Frequently I see devs needing to make calls into C# controllers and return some data to the front end. The most common tool I’ve seen these devs reach for is the jQuery $ajax wrapper.

I asked the question: “Can this be done without jQuery?” And, overwhelmingly, the answer I got back was no. I didn’t think that made a lot of sense since jQuery is really just using JavaScript under the hood. So it would seem that you must be able to achieve this with plain old js.

After a bit more digging, I found that it is possible. Here’s how:

Let’s assume we have Hello World being sent to us from the controller, and then we want to show it in an alert. Our front end won’t know what is going to be displayed until it is returned from the controller. Our controller method might look like this:

  [HttpGet]
  public ActionResult RespondToAjax()
  {
      return Json("Hello World!", JsonRequestBehavior.AllowGet);
  }

Things to note here are that we’ve added the [HttpGet] decorator above our method, thus denoting that this is a get and not a post. Also, with the JSON string we’re returning, we added JsonRequestBehavior.AllowGet. Without this you’ll get an error because MVC doesn’t just allow gets willy-nilly.

Our js function might look like this:

function callCtrler() {
    var req = new XMLHttpRequest();
    req.open('GET', '@Url.Action("RespondToAjax", "Home")', true);
    req.setRequestHeader('Content-Type', 'application/json');

    req.onload = function () {
        if (req.status >= 200 && req.status < 400) {
            alert(req.responseText);
        } else {
            alert('We encountered an error!');
        }
    }

    req.send();
}

One thing I want to note here is that we are using razor with @Url.Action. It’s important to use @Url.Action over a relative path (./file/path/) because relative paths won’t always work in MVC. Using the above method won’t allow you to move your javascript into its own file. However, you can attach the @Url.Action to an element with a data attribute and access it that way.

<form id="myForm" data-ctrl-url='@Url.Action("RespondToAjax", "Home")'></form>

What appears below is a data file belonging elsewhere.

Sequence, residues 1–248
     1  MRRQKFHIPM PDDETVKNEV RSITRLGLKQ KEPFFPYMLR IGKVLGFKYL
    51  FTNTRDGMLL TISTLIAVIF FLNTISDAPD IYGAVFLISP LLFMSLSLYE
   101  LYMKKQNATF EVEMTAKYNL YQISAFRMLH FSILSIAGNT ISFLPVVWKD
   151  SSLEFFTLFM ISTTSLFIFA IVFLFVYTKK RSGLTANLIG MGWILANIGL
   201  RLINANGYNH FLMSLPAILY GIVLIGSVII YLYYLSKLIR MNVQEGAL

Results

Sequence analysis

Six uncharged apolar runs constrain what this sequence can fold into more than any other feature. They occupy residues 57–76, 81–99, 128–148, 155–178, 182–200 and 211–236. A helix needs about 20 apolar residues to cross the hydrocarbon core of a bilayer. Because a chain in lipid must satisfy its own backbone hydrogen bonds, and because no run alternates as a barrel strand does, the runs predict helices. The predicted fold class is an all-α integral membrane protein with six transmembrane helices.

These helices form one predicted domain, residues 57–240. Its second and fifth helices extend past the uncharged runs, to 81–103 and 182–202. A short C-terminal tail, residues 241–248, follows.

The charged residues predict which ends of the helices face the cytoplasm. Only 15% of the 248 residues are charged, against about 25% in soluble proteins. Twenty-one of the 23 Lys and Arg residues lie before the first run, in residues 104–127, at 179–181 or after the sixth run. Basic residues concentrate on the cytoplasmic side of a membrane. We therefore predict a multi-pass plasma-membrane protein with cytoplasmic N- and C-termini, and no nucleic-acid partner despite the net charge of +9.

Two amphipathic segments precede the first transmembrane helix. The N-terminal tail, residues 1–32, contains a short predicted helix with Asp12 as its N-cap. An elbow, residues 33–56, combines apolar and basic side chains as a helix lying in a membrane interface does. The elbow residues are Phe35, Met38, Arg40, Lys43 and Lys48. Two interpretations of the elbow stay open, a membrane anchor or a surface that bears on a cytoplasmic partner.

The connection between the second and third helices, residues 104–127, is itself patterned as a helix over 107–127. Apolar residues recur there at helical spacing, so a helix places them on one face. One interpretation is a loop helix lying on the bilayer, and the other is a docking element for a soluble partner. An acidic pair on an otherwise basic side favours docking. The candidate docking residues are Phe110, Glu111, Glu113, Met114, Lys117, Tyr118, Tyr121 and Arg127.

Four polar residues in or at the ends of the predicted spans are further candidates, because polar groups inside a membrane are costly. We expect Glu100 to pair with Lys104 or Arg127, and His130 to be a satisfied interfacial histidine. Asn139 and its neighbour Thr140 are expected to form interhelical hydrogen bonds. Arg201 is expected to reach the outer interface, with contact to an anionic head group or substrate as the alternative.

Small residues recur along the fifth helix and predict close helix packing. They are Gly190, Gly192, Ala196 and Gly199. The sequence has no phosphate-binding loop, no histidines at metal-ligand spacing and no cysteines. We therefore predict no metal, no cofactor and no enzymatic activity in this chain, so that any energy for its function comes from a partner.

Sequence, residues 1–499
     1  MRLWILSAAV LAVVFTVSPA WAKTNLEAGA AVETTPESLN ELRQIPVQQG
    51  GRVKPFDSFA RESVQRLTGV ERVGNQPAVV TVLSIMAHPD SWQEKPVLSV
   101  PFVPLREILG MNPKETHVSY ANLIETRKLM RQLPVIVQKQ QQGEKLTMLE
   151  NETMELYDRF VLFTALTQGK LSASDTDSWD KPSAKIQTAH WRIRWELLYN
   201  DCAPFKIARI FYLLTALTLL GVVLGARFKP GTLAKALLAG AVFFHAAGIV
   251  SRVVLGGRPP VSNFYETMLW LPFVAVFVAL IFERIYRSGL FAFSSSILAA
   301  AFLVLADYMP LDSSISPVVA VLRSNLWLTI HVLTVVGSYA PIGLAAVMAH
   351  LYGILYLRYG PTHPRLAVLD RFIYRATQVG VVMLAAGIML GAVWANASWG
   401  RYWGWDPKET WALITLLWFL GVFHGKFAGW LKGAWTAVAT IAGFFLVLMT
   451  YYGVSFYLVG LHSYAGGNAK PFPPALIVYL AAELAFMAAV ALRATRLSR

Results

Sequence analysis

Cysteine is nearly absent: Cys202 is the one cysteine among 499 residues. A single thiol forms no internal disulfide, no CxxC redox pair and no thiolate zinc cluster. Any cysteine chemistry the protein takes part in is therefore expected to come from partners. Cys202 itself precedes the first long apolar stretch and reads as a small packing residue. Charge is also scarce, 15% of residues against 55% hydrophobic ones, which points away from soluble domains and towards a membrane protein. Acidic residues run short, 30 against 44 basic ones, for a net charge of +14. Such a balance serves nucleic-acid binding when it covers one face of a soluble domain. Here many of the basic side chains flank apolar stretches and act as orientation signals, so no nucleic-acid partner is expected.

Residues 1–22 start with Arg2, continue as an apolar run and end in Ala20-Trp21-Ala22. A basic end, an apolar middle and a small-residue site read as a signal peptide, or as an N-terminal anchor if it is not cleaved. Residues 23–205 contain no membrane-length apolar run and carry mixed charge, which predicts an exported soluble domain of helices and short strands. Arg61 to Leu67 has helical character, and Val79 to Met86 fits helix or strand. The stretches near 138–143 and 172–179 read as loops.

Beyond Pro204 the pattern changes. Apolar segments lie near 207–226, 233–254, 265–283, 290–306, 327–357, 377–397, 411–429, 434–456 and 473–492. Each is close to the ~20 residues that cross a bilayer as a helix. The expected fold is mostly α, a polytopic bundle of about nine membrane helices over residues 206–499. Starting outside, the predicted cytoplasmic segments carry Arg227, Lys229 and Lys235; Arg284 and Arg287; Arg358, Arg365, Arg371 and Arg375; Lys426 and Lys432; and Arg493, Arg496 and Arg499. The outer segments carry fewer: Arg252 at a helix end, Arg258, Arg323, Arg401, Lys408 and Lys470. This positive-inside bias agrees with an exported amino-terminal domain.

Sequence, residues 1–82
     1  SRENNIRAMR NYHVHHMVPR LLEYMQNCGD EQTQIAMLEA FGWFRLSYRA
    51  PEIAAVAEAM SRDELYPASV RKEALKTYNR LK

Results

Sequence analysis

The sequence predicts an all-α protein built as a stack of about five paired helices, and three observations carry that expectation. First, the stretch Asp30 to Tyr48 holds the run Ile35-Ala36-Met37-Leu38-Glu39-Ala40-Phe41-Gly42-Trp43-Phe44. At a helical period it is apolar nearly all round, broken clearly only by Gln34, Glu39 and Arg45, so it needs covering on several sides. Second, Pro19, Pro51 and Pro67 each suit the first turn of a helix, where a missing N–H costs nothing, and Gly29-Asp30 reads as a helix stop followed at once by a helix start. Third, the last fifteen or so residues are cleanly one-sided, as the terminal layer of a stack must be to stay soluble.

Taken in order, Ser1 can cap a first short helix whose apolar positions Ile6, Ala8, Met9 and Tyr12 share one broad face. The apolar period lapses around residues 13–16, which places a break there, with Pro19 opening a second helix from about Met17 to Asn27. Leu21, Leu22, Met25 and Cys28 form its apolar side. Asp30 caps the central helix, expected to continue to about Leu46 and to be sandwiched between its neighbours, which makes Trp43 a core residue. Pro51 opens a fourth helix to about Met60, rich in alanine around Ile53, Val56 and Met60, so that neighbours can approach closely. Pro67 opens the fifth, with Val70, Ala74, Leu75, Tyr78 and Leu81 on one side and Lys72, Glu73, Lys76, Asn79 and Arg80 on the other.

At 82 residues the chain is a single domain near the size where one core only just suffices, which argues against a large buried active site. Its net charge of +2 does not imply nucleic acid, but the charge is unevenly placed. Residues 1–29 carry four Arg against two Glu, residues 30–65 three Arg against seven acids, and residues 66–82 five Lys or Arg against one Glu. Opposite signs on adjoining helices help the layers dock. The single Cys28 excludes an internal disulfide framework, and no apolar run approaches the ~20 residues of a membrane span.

Then in your JavaScript you can use:

var ctrlUrl = document.getElementById('myForm').getAttribute('data-ctrl-url');

Now let’s look at how we might do a POST. We’ll need both a controller method and a class this time.

[HttpPost]
public ActionResult PostFromAjax(TestModel postParams)
{
    // do something with data, probably create db record
    return Json("Success!");
}

public class TestModel
{
    public string Name { get; set; }
    public int Age { get; set; }
    public string FavoriteColor { get; set; }
}

We have our action method using [HttpPost] as the decorator this time. This allows us to post to the method. We also created a class for the data. You aren’t able to use built in types such as Dictionary or object, so you’ll need to create a custom class for the data to map to.

Now let’s take a look at what the js function looks like.

function postToCtrl() {
    var tmpObj = {
        Name: 'Carmen',
        Age: 26,
        FavoriteColor: 'Green'
    };

    var req = new XMLHttpRequest();
    req.open('POST', '@Url.Action("PostFromAjax", "Home")', true);
    req.setRequestHeader('Content-Type', 'application/json');
    req.send(JSON.stringify(tmpObj));
}

Notice we made an object with the exact same properties as our class – this allows the data to be mapped to the class properly. We also stringified the data before sending it across.

And there you have it! GET and POST to C# methods without jQuery!

Checkout the test app I made for this.

Questions? Tweet me!